Make others lucky too
Lesson 1, Corollary 1: Building 'social capital' often pays off in the end.
By Ryan D'Agostino, Money Magazine senior editor

NEW YORK (Money Magazine) -- Harvey Jason's networking success was somewhat accidental - he treated people well because that's his nature, not because he wanted their patronage one day. But he nonetheless built what academics call social capital, according to Stephen Garcia, a social psychologist who teaches at the University of Michigan.

"Meeting new people can be a reinforcing mechanism that helps you improve your standing, although that might not be the goal in and of itself," he told me.

Four hundred miles away from Mystery Pier Books, I met someone for whom that was very much the goal. I had been traipsing around Paradise Valley, Ariz. all morning. Sandy dust coated my shoes, and I kept thinking about the TV show I'd seen the previous night in my hotel room about people in the Southwest who find rattlesnakes in their yards.

Finally, Kathryn Grosnoff opened the door. Her home was perched high on a corner lot and wreathed with saguaro cacti, mesquite and bougainvillea. She invited me in, assured me that her husband Bob would be glad to talk to me, and went about arranging flowers in the kitchen.

When Grosnoff emerged, sure enough, he seemed just as interested in talking to me as I was in talking to him - giving me the same feeling I'd had when I met Harvey Jason.

Grosnoff, 66, who is trim and calm and speaks in neat paragraphs, became a stockbroker near Philadelphia in 1969, not a good time in the stock market. He saw that potential big-money clients - mostly people who had recently sold businesses - were buying certificates of deposit, a sign that they wanted to play it safe.

But Grosnoff began selling a better-paying (and nearly as safe) alternative: short-term municipal debt that yielded 7.5 percent tax-free.

Like selling stocks, this entailed hours of cold calling, but the commissions were much lower than for stock sales.

"One of the earliest transactions I did was a $5 million order. It took hours and only had a $250 commission, and I only got 28 percent of that," he said. "The other guys would tease me and ask me why I was spending so long on an order that paid me so little."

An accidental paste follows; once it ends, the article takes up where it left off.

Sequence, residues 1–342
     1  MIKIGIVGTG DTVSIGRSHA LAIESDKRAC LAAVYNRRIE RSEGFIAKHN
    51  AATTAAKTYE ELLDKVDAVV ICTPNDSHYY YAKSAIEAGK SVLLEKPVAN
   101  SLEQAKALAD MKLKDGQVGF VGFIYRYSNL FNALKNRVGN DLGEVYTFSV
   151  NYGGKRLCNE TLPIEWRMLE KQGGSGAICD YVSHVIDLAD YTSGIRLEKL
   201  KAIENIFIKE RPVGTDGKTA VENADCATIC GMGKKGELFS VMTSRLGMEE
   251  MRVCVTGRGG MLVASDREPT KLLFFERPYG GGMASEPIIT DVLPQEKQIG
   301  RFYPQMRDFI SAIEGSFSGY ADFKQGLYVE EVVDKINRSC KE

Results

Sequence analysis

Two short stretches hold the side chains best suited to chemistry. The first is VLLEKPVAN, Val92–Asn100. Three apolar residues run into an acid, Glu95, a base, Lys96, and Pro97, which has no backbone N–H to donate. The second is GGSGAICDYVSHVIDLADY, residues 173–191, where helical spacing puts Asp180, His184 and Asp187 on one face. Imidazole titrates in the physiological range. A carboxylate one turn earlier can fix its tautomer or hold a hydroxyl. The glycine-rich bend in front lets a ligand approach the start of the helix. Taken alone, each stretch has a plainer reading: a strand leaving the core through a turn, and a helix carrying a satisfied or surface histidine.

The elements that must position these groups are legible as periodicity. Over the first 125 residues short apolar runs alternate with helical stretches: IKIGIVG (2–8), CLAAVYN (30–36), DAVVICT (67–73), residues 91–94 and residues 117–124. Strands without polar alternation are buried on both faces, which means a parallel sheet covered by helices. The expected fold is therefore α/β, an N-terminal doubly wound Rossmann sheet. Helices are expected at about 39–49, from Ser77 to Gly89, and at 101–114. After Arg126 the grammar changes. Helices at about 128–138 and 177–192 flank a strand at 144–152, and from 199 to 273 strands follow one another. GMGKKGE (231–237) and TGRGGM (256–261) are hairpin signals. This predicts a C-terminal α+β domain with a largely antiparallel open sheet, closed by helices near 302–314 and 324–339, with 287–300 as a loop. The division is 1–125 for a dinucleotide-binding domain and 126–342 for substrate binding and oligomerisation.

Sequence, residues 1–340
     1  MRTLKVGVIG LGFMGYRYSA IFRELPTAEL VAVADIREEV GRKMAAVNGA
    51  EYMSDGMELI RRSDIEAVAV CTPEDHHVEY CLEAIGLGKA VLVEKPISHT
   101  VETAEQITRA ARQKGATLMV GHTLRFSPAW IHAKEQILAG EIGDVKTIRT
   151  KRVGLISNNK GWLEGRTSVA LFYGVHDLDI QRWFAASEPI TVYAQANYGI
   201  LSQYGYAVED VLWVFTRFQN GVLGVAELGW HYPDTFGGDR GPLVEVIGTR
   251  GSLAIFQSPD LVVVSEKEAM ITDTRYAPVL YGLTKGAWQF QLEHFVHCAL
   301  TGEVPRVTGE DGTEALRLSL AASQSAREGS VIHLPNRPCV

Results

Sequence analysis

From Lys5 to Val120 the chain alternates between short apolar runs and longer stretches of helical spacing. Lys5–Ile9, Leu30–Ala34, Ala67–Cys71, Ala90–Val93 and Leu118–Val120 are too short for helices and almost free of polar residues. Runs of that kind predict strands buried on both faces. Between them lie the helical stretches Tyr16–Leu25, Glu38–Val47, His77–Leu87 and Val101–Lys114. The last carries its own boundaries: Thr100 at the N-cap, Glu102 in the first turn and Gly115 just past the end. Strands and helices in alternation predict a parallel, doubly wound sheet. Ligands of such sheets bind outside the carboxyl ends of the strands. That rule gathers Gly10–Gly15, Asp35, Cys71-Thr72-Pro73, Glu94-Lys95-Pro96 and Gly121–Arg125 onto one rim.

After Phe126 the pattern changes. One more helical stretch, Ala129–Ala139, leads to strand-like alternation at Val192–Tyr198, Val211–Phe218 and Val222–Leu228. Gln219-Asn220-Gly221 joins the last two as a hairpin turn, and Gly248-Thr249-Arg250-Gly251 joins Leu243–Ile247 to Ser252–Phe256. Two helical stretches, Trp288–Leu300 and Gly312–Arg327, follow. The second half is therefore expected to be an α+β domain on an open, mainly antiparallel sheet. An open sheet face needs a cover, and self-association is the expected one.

But Grosnoff was hoping that when the market eventually picked up, his new clients would remember that he had served up safe tax-free notes when they needed them and would invest in stocks with him when they were ready to do that.

His gambit worked.

"One day in 1974, a guy who owned a coal mine called me from his plane," Grosnoff recalled. "He said, 'Bob, get out your pencil. I want to buy some stocks.' He started with the As, then the Bs, and he just kept going."

After that the guys in the office didn't make fun of Grosnoff anymore.

_________________________________

Lesson 1: Make your own luck...Beverly Hills, Calif. 90210

Lesson 1, Corollary 1: Make others lucky too...Paradise Valley, Ariz. 85253

Lesson 2: Have a growth mind-set...Westport, Conn. 06880

Lesson 2, Corollary 1: Never stop learning...Atherton, Calif. 94027

Lesson 2, Corollary 2: Calculate your risk...Lake Forest, Ill. 60045

Plus: Do you have what it takes to be rich? Top of page

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Market indexes are shown in real time, except for the DJIA, which is delayed by two minutes. All times are ET. Disclaimer LIBOR Warning: Neither BBA Enterprises Limited, nor the BBA LIBOR Contributor Banks, nor Reuters, can be held liable for any irregularity or inaccuracy of BBA LIBOR. Disclaimer. Morningstar: © 2014 Morningstar, Inc. All Rights Reserved. Disclaimer The Dow Jones IndexesSM are proprietary to and distributed by Dow Jones & Company, Inc. and have been licensed for use. All content of the Dow Jones IndexesSM © 2014 is proprietary to Dow Jones & Company, Inc. Chicago Mercantile Association. The market data is the property of Chicago Mercantile Exchange Inc. and its licensors. All rights reserved. FactSet Research Systems Inc. 2014. All rights reserved. Most stock quote data provided by BATS.